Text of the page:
A LAW to combat internet piracy, including disconnecting users caught downloading films and music illegally, has returned to the National Assembly.
The Loi Hadopi was thrown out in a surprise vote by a near-empty assembly on April 9. Many of the MPs had already left for the Easter holidays.
The government is pushing for a quick return for the law as it wants to put it into practice ahead of an EU measure that would make an internet connection an automatic right.
MEPs voted last week that no restrictions should be made to a person’s internet connection without first going via a judicial figure. The EU Council of Ministers could still overturn the measure.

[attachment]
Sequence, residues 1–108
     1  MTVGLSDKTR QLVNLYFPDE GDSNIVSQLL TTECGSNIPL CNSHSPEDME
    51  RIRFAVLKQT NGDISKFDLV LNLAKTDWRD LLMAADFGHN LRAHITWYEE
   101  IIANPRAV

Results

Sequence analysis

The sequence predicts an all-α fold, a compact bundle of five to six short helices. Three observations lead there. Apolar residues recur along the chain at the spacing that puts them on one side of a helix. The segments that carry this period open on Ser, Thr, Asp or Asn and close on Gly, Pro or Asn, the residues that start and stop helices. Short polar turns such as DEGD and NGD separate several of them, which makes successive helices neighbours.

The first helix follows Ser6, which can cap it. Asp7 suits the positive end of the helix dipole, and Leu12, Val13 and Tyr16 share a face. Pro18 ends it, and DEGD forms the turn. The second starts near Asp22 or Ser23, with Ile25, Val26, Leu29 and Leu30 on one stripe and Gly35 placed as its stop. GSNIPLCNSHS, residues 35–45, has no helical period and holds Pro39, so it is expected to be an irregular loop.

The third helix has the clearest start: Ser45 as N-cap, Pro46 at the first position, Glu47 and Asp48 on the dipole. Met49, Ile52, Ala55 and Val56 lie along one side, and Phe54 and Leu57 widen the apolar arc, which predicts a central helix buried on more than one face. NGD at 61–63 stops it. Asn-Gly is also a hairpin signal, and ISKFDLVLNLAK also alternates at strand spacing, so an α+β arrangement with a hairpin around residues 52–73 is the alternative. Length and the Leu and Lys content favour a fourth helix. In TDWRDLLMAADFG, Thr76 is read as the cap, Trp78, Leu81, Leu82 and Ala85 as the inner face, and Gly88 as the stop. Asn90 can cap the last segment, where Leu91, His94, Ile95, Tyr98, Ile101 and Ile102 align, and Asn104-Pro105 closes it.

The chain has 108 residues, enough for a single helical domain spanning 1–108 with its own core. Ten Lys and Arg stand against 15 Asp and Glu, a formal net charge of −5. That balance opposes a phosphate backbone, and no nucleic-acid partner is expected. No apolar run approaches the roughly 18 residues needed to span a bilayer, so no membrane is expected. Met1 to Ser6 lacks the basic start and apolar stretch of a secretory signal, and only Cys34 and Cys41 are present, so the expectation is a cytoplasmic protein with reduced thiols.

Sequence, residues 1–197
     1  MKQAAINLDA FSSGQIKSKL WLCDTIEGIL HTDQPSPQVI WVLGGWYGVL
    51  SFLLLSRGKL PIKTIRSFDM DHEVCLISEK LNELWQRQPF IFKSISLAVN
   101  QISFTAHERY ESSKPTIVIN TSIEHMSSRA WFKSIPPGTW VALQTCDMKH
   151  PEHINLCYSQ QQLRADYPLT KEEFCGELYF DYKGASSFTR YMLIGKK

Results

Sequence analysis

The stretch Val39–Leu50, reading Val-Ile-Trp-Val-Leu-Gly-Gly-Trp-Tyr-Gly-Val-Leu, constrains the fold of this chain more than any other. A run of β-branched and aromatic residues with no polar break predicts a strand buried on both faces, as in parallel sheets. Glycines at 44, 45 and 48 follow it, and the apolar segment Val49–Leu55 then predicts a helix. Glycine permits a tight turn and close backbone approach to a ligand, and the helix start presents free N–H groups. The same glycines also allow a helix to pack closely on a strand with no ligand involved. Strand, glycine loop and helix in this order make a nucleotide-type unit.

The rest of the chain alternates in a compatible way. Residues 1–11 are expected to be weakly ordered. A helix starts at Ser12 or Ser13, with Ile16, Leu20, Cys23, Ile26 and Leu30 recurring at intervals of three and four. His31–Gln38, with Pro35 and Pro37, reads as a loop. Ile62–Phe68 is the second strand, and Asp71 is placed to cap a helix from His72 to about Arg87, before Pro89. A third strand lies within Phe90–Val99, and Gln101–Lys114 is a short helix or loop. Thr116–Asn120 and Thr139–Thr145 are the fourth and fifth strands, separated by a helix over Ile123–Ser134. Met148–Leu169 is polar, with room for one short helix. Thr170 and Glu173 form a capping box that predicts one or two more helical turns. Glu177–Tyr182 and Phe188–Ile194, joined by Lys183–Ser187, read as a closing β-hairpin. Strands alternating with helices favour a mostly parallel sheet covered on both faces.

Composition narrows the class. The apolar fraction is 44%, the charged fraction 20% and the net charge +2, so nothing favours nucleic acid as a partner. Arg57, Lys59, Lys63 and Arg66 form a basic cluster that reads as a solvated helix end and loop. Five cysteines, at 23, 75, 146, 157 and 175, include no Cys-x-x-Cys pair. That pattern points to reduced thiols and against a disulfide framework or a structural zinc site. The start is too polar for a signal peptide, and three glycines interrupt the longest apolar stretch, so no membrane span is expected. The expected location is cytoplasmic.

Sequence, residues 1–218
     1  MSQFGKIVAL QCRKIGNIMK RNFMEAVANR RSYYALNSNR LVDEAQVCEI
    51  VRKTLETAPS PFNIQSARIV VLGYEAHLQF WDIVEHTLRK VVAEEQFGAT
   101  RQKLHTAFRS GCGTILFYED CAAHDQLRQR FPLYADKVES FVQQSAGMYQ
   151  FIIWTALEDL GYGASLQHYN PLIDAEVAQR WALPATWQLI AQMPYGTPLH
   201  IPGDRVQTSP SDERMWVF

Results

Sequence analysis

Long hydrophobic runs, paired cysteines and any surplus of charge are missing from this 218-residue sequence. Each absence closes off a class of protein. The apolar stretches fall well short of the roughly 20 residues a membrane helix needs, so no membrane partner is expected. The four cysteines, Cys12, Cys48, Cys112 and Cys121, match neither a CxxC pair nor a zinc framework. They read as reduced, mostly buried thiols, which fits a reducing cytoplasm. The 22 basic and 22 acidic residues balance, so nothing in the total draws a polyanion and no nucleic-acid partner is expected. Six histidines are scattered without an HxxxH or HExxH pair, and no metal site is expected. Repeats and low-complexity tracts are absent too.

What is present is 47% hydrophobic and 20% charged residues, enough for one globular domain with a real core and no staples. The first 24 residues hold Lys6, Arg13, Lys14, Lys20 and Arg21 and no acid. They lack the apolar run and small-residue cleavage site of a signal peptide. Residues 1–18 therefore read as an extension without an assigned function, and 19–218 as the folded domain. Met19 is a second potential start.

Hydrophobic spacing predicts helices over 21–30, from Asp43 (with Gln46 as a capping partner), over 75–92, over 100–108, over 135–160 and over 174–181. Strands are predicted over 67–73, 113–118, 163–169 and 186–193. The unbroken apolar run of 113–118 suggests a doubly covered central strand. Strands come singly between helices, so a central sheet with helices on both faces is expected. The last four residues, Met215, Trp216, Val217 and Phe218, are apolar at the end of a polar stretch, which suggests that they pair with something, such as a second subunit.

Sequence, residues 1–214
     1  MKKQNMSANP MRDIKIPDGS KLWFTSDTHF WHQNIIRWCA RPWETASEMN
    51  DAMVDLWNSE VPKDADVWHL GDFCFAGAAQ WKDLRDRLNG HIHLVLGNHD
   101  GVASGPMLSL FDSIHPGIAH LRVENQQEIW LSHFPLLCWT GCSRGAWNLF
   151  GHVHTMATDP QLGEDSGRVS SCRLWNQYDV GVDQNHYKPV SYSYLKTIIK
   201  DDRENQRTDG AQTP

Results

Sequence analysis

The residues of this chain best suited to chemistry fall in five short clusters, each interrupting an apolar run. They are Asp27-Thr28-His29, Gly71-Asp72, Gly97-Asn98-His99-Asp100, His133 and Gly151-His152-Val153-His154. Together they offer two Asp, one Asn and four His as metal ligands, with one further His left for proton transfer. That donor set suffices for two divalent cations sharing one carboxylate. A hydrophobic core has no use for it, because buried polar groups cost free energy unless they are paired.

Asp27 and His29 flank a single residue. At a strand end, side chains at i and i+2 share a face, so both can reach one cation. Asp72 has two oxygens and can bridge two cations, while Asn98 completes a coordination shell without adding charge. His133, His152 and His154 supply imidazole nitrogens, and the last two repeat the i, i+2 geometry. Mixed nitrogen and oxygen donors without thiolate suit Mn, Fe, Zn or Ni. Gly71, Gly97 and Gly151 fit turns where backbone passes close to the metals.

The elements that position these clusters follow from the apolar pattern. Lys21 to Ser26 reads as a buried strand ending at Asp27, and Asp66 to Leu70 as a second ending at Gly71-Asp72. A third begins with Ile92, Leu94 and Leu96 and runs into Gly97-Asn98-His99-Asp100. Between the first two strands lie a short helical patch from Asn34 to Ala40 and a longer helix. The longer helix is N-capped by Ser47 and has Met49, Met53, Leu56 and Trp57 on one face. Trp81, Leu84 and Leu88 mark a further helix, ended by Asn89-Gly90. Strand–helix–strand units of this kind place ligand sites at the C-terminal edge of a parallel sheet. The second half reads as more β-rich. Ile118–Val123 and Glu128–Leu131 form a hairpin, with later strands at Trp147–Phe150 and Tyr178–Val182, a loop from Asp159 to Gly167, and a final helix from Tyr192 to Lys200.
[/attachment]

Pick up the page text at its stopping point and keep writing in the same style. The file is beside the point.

Threatening to temporarily disconnect users after two warning letters is part of a graduated response to internet piracy that the French government wants to demonstrate can be effective against illegal downloading.
The Socialist Party has said it will vote against the “politically dead” text which a spokesman described as “the Maginot line, already breached and inefficient”.
Several problems have been outlined with the law:
1. The possibility that the body set up to monitor illegal downloads, the Haute Autorité pour la Diffusion des Oeuvres et la Protection des Droits sur Internet (Hadopi), will be overwhelmed.
2. Whether users should be charged for their internet connection if cut off.
3. That many internet providers’ deals are wrapped up with telephone and TV supplies and there is no way of separating them.
4. That the current law which threatens internet piracy with a five-year prison term and €30,000 has still yet to be abolished.
5. That it can be impossible to determine the culprit over shared connections.
6. That internet connections can be hijacked and used by others without the user knowing.